Anthropocene defaunation, the global extinction of faunal species and populations and the decline in abundance of individuals within populations, has been predominantly documented in terrestrial ecosystems, but indicators suggest defaunation has been more severe in freshwater ecosystems. Marine defaunation is in a more incipient stage, yet pronounced effects are already apparent and its rapid acceleration seems likely. Defaunation now impacts the planet's wildlife with profound cascading consequences, ranging from local to global coextinctions of interacting species to the loss of ecological services critical for humanity. Slowing defaunation will require aggressively reducing animal overexploitation and habitat destruction; mitigating climate disruption; and stabilizing the impacts of human population growth and uneven resource consumption. Given its omnipresence, defaunation should receive status of major global environmental change and should be addressed with the same urgency as deforestation, pollution, and climatic change. Global action is needed to prevent defaunation's current trajectory from catalyzing the planet's sixth major extinction.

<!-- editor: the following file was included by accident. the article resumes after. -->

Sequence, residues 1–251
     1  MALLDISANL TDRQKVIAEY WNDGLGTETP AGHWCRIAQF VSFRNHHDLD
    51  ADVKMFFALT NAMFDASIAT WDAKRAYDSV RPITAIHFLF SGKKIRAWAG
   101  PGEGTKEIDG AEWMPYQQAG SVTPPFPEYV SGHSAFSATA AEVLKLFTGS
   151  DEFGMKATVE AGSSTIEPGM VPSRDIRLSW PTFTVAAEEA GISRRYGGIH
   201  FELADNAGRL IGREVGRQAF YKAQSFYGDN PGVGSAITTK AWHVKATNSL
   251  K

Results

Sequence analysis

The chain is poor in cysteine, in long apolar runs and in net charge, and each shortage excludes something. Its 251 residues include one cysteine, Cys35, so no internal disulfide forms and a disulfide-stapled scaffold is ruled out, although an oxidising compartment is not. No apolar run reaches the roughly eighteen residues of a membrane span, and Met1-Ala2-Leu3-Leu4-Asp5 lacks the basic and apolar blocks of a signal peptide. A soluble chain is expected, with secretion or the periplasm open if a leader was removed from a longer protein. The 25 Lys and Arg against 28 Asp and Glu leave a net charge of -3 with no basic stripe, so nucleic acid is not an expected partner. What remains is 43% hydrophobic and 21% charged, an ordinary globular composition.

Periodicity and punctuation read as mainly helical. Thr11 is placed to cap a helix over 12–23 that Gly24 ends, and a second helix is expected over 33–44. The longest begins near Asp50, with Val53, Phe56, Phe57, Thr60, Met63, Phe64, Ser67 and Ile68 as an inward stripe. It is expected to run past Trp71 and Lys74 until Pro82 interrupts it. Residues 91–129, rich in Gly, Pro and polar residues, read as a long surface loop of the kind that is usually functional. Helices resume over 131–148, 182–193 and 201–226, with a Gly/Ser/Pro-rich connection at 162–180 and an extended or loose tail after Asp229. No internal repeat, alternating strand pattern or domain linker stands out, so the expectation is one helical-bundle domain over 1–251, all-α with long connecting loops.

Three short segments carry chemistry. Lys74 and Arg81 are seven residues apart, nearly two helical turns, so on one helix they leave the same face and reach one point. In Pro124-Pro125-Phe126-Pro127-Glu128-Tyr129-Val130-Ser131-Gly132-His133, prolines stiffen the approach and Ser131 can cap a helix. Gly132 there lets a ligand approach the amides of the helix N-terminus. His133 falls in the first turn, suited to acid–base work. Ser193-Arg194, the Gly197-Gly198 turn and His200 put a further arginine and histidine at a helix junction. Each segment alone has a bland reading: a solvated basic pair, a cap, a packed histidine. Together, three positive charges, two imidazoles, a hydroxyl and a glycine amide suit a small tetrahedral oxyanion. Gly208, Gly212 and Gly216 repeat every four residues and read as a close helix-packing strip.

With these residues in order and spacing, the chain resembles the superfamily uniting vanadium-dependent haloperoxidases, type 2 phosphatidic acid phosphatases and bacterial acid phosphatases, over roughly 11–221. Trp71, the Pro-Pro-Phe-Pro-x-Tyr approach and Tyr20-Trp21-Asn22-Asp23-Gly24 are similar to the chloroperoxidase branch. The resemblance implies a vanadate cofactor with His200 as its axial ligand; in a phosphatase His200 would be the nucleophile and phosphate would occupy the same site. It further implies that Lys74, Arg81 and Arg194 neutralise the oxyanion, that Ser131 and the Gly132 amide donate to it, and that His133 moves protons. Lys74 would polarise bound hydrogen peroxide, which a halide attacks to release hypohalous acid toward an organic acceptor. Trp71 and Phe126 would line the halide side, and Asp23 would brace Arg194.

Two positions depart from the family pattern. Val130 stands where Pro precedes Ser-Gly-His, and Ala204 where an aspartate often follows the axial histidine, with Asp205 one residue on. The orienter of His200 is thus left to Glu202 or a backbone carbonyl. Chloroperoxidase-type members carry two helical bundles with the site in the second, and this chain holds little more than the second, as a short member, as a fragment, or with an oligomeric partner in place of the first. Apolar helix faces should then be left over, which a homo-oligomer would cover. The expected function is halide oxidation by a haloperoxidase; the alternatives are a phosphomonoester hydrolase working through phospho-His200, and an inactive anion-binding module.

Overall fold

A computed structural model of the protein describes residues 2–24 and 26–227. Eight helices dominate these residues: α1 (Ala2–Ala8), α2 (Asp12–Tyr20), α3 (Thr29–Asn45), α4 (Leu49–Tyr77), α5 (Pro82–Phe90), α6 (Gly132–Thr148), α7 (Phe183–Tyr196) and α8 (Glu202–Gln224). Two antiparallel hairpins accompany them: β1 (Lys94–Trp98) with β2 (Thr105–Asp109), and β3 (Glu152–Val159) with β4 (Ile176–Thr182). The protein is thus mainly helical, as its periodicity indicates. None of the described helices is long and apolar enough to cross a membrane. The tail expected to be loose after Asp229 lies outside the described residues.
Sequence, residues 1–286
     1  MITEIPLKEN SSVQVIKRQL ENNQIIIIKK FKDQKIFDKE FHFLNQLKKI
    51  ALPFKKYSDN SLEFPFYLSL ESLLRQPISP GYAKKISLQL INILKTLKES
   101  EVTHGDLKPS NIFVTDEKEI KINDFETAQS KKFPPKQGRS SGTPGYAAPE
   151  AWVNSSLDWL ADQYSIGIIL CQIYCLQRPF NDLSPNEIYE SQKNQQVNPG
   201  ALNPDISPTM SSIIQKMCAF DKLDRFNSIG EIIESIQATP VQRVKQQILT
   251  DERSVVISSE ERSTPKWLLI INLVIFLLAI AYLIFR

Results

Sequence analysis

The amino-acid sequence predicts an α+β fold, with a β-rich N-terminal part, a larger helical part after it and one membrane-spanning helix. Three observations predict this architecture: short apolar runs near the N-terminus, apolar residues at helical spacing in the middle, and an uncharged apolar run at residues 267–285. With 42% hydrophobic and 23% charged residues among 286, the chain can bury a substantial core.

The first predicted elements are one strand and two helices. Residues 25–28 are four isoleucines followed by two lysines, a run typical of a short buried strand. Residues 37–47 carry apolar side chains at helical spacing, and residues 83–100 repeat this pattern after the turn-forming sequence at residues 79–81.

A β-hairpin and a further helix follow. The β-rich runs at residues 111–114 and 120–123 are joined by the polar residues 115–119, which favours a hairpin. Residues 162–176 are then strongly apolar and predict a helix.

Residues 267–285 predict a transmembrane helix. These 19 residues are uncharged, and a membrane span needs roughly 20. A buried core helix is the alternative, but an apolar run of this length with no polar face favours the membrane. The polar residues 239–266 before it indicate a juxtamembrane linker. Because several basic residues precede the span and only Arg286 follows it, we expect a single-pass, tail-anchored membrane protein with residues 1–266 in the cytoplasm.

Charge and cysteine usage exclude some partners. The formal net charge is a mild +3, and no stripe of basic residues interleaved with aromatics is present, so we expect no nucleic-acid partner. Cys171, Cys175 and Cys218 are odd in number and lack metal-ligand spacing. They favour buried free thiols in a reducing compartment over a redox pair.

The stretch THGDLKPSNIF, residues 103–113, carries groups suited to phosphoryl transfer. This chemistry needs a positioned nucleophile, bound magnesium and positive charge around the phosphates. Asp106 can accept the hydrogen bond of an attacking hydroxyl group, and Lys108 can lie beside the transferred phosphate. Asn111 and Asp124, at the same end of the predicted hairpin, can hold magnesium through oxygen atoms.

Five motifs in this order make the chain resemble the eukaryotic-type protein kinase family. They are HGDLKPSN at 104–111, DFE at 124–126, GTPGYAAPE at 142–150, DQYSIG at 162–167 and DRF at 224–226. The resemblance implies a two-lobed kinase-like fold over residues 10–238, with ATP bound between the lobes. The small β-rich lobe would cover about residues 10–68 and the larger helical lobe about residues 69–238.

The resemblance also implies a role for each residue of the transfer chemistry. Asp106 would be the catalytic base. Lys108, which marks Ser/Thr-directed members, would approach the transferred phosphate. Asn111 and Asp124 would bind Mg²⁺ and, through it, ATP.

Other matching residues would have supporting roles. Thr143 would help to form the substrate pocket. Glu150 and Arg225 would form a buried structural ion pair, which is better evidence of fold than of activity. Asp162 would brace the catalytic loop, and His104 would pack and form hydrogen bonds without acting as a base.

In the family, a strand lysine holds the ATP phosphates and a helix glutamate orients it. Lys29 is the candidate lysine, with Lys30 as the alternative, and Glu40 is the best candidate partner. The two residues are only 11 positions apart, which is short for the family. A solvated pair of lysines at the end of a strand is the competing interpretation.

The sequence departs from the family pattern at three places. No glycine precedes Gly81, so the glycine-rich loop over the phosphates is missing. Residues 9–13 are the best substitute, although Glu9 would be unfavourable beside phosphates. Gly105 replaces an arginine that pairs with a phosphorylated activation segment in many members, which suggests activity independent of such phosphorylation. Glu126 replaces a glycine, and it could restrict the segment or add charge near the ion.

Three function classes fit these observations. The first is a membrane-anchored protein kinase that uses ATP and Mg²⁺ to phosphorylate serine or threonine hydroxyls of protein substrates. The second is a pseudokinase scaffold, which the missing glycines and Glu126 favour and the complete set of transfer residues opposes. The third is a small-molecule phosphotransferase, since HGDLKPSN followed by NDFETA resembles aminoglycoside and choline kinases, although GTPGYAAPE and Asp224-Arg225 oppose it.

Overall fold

更新日期:2017-08-31
  • Evolution and Ecology of CRISPR
    Annu. Rev. Ecol. Evol. Syst. (IF 10.182) Pub Date : 2016-11-03
    Edze R. Westra, Andrea J. Dowling, Jenny M. Broniewski, Stineke van Houte

    CRISPR (clustered regularly interspaced short palindromic repeats)-Cas (CRISPR-associated) systems are prokaryotic adaptive immune systems that provide protection against infection by parasitic mobile genetic elements, such as viruses and plasmids. CRISPR-Cas systems are found in approximately half of all sequenced bacterial genomes and in nearly all archaeal genomes. In this review, we summarize our current understanding of the evolutionary ecology of CRISPR-Cas systems, highlight their value as model systems to answer fundamental questions concerning host–parasite coevolution, and explain how CRISPR-Cas systems can be useful tools for scientists across virtually all disciplines.

    更新日期:2017-08-31
  • Infectious Disease Dynamics in Heterogeneous Landscapes